Sophomores McKenna Harvey and Simon Stewart cast as lead roles in this year’s fall musical “Oklahoma!”

This is the first time underclassmen have been cast as leads since 2010

Sophomores+McKenna+Harvey+and+Simon+Stewart+rehearse+their+songs+after+school+on+Tuesday%2C+Oct.+6+for+their+lead+roles+in+%E2%80%9COklahoma%21%E2%80%9D+this+fall.
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Sophomores McKenna Harvey and Simon Stewart cast as lead roles in this year’s fall musical “Oklahoma!”

Sophomores McKenna Harvey and Simon Stewart rehearse their songs after school on Tuesday, Oct. 6 for their lead roles in “Oklahoma!” this fall.

Sophomores McKenna Harvey and Simon Stewart rehearse their songs after school on Tuesday, Oct. 6 for their lead roles in “Oklahoma!” this fall.

By Nick Precht

Sophomores McKenna Harvey and Simon Stewart rehearse their songs after school on Tuesday, Oct. 6 for their lead roles in “Oklahoma!” this fall.

By Nick Precht

By Nick Precht

Sophomores McKenna Harvey and Simon Stewart rehearse their songs after school on Tuesday, Oct. 6 for their lead roles in “Oklahoma!” this fall.

Braden Shaw and Victoria Wright

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As the cast for the fall musical, “Oklahoma!” rehearses in preparation for their performances, the spotlight is put on sophomores McKenna Harvey and Simon Stewart. The pair find themselves in unique roles for this year’s show.

Lead roles are usually awarded to upperclassmen, due to their multiple years of experience. However, this year, Harvey and Stewart were cast as the lead roles in “Oklahoma!,” the first time two sophomores were cast as leads since “The Wizard of Oz” in 2010.

The goal for any audition, according to director Jon Copeland, is to push an actor’s limits and fit the best part to the right actor. When choosing the leads, he always gives the role to the most talented individual, regardless of the student’s age.

“When we’re looking at actors for roles, as a teacher in educational theater you want to have two things: you want to have a high quality show so your kids are experiencing high quality performance but you also need to stretch people at certain times in their careers,” Copeland said. “If we feel like there’s one who’s more of a fit for the part, even if there’s someone that’s older, if the younger person is more suited for some reason [we’ll choose them].”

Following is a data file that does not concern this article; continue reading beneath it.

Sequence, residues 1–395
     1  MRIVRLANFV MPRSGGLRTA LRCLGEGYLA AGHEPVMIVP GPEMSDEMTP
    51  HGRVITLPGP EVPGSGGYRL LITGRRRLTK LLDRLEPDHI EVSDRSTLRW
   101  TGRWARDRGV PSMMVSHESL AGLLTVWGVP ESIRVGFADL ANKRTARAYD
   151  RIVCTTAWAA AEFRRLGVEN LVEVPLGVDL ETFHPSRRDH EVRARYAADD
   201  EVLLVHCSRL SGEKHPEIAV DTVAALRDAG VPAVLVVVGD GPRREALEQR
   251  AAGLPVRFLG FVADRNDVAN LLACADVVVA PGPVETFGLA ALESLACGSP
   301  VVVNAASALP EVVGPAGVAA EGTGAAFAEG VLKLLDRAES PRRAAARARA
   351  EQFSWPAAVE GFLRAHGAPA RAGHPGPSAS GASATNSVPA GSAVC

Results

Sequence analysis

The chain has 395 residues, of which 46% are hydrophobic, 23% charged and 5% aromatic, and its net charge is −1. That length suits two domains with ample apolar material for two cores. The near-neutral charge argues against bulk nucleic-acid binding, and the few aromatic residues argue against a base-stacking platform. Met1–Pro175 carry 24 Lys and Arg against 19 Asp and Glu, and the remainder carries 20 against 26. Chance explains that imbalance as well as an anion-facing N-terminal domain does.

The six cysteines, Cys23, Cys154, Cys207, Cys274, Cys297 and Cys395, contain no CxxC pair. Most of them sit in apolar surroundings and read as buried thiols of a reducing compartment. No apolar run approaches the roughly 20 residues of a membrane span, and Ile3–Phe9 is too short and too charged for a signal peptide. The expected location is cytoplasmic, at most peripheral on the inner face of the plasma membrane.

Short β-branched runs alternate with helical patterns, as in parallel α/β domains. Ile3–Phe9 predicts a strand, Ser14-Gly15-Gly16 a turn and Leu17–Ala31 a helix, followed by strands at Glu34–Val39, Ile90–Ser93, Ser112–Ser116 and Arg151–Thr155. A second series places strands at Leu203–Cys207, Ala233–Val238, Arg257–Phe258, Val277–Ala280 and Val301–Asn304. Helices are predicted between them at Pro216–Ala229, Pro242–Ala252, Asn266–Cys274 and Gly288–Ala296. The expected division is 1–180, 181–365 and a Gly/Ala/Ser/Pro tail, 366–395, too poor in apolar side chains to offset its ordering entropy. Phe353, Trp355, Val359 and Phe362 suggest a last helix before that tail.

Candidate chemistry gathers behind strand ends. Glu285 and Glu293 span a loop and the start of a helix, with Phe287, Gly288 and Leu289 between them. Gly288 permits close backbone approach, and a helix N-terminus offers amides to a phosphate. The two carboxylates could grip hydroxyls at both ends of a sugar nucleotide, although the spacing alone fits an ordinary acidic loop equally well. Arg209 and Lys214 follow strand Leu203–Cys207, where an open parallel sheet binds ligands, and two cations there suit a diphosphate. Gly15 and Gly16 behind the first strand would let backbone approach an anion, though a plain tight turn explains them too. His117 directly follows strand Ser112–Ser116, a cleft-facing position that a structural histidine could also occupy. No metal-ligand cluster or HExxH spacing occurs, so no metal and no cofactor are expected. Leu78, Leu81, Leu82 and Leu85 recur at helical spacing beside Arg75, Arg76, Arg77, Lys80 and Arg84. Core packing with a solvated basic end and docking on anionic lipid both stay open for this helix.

Stewart, cast as Curly McLain, was surprised by the decision based on previous castings.

“It usually doesn’t happen. It’s usually more based on year and talent [of a more experienced actor],” Stewart said. “If a senior and sophomore were the exact same talent level, the senior would get the part.”

Along with Harvey and Stewart, seniors Gabby Saunders and Andy Sloop are also appearing as lead roles for the same characters.

The opportunity to act in front of his fellow students motivates Stewart as he prepares for the show.

“I was pretty excited. I thought I was going to get a smaller role,” Stewart said. “But I’m happy about it … I’m looking forward to performing in front of my peers.”

Having a lead role involves memorizing more lines and practicing both during rehearsal and at home. Although Harvey, cast as Laurey Williams, has previously been in about 15 shows at Christian Youth Theater and Measurement Productions, she finds more difficulties in the tasks she has to face this year than in previous shows.

“It’s more challenging because you have more responsibilities and there’s more weight on you,” Harvey said. “[This role] is just a way that I can prove to myself that I can do this.”

As Harvey rehearses for the role, she hopes to prove that casting based on talent instead of solely on experience will help to give underclassman a better chance at securing lead roles.      

“I think that it’s just going to show people that it’s OK, even though the seniors and upperclassmen are so talented, to give underclassmen a chance,” Harvey said.

Especially with the young leads and newcomers to the stage every year, Copeland has faith that Harvey and Stewart can succeed.

“We always have a mixture of kids that have done lots of shows and kids that it’s new to them. There’s always kids that have not even had drama class that just try out,” Copeland said. “So just because they’re sophomores doesn’t mean they’re not totally ready to understand the terms we use and hit the ground running.”

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